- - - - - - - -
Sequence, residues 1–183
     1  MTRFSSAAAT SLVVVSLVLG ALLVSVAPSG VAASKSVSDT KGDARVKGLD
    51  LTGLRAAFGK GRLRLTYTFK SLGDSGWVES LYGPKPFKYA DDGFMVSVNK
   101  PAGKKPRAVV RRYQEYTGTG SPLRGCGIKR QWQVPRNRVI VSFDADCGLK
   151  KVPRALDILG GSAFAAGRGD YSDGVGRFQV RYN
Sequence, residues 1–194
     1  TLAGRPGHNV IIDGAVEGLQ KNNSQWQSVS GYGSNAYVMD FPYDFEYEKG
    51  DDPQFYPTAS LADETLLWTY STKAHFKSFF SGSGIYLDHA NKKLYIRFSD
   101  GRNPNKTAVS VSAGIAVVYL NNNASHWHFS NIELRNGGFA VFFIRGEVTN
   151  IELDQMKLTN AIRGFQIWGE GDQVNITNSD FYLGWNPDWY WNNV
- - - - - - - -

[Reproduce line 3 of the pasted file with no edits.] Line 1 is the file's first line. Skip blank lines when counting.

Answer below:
    51  LTGLRAAFGK GRLRLTYTFK SLGDSGWVES LYGPKPFKYA DDGFMVSVNK